The International Convention against Apartheid in Sports, which resolved to adopt all necessary measures to eradicate the practice of apartheid in sports, was adopted on 10th December, 1985.

4.13 The Convention on the Prevention and Punishment of the Crime of Genocide

On 9 December, 1948, the General Assembly approved the Convention on the Prevention and Punishment of the Crime of Genocide and it came into force on 12th January, 1951.

4.14 The Convention of the Non-applicability of Statutory Limitations to War Crimes and Crimes Against Humanity

The Resolution for the Convention on the Non-applicability of Statutory Limitations to War Crimes and Crimes against Humanity was adopted by the General Assembly on 26th November, 1968.

4.15 The Convention on the Political Rights of Women

One of the important international instruments which accorded due status to women as far as Political Rights were concerned, the Convention on the Political Rights of Women was adopted by the General Assembly on 20th December, 1952.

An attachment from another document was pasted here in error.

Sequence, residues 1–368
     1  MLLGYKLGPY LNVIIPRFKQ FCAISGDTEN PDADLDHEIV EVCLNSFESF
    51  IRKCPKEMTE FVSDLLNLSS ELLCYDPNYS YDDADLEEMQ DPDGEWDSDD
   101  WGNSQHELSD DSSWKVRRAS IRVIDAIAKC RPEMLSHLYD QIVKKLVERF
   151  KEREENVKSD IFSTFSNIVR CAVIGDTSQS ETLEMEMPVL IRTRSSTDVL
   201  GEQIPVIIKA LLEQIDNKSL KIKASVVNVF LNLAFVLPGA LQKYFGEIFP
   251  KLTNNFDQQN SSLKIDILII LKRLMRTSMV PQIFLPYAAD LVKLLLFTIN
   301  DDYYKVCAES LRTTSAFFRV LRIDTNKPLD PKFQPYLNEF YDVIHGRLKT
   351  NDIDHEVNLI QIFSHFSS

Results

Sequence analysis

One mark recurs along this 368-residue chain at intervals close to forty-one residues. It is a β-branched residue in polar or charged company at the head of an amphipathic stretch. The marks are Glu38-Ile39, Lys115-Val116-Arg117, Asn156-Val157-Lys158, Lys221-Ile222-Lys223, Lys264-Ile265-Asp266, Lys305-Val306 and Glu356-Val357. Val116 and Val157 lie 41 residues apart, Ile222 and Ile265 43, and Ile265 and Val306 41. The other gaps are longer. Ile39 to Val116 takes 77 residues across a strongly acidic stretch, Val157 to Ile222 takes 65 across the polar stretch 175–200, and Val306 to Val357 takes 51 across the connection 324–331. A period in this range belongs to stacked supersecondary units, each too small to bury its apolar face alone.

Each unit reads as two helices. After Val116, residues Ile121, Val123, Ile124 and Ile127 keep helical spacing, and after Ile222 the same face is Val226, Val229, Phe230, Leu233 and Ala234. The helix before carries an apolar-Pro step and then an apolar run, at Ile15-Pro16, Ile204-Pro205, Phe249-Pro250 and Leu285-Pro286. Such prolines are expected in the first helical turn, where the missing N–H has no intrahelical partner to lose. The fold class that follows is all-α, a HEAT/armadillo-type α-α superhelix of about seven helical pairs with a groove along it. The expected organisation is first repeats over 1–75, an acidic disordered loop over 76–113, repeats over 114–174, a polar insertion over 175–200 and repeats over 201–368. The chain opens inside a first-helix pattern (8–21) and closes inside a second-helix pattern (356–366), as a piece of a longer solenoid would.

4.16 The Convention on the Nationality of Married Women

The Convention on the Nationality of Married Women was adopted by the General Assembly on 29th January, 1957 and it came into force on 11th August, 1958. This is yet to be ratified by India.

4.17 The Convention for the Suppression of the Traffic in Persons and of the Exploitation of the Prostitution of Others

The General Assembly of the United Nations approved the resolution relating to the Convention for the Suppression of the Traffic in Persons and of the Exploitation of the Prostitution of Others on 2nd December, 1949 and it came into force on 25th July, 1951.

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1. India and Human Rights, p. vii (Lok Sabha Secretariat, New Delhi, 1998).

4.18 The Slavery Convention, 1926

Signed at Geneva on 25th September, 1926, the Slavery Convention adopted by the States Members of the League of Nations came into force on 9th March, 1927.

4.19 The Protocol amending the Slavery Convention of 1926